New COVID-19 test kits that return results in as little as 15 minutes could be deployed in Idaho and Washington as early as next week.

The federal government recently purchased 150 million of the Abbott BinaxNOW test kits and is making them available to states, tribal governments and other jurisdictions.

Idaho received 35,000 of the kits Thursday, with another 530,000 are scheduled to arrive in the next three months. Washington expects to receive 149,000 in the immediate future, and as much as 2.3 million by the end of the year.

“These tests are inexpensive, simple to use, more than 95 percent accurate and give results in an astounding 15 minutes,” Idaho Gov. Brad Little said during a news conference in Boise on Thursday.

Public school teachers and staff will be first in line for the kits, at least initially.

“Many long-term care facilities have already received the test,” Little said. “I’m prioritizing schools to be the primary recipients of the new rapid test. This will be a game-changer for schools. With the new tests, we can quickly determine who has or doesn’t have COVID-19, so teachers and students can get back in the classroom.”

State epidemiologist Dr. Christine Hahn said the test kits were designed to be used for people who are symptomatic, meaning those who show signs of having the virus. However, the federal government is also allowing them to be used for “surveillance” testing, to try to determine what percentage of a population has the virus but doesn’t exhibit symptoms.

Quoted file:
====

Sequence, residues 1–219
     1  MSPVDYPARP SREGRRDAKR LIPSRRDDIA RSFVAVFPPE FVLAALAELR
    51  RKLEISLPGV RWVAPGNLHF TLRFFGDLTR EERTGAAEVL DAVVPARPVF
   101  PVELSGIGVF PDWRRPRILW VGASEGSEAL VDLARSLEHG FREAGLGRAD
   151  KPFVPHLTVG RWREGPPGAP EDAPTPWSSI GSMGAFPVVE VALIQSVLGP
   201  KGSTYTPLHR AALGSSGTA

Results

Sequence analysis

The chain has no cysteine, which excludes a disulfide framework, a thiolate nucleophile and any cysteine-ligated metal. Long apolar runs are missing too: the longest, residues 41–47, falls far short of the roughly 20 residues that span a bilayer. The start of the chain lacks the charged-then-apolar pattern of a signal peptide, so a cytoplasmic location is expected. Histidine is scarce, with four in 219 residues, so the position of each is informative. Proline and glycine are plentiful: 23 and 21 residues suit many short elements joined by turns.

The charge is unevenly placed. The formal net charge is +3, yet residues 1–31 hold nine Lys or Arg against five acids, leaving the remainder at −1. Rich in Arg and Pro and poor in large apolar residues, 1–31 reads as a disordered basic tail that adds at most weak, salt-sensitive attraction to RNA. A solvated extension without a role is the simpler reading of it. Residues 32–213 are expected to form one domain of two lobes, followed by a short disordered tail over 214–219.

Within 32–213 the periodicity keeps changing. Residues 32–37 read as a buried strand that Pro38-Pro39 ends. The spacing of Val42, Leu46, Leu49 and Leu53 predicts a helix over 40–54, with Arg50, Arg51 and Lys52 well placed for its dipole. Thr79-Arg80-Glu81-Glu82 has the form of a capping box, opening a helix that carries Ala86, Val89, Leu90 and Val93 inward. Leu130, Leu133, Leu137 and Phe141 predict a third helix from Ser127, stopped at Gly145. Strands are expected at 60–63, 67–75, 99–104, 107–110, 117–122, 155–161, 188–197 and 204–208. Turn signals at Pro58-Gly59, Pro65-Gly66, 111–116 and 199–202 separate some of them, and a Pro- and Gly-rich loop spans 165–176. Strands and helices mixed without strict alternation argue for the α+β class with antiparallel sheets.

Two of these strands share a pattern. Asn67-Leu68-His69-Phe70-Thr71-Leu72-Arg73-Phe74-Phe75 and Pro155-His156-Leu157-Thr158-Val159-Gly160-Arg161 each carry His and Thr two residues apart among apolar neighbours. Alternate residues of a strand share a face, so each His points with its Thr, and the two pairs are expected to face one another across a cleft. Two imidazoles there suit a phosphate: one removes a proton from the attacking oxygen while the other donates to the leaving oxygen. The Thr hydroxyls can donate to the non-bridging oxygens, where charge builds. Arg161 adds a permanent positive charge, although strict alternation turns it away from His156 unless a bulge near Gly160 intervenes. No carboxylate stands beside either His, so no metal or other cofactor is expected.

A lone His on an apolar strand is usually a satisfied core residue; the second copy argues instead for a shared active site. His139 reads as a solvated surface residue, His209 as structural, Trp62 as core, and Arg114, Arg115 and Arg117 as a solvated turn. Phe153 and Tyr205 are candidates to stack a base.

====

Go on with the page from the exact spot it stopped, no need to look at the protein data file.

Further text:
“We’re working on the protocol for that,” she said. “We hope to get that out with the tests (next week).”

The Washington Department of Health said its first batch of 149,000 test kits will be distributed to community health centers, tribal clinics and critical access hospitals. A plan for distribution of future shipments is in development.

During Thursday’s news conference, Little indicated that Idaho would remain in Stage 4 of the state’s four-phase reopening plan for another two weeks. That’s because of the high number of new cases, a positive test rate that’s higher than what health officials would like, and hospital capacity constraints in parts of the state.

Little also announced the creation of a new COVID-19 Coronavirus Vaccine Advisory Committee, to help advise him on what steps to take once a coronavirus vaccine becomes available.

William L. Spence can be contacted at bspence@lmtribune.com or (208) 791-9168.

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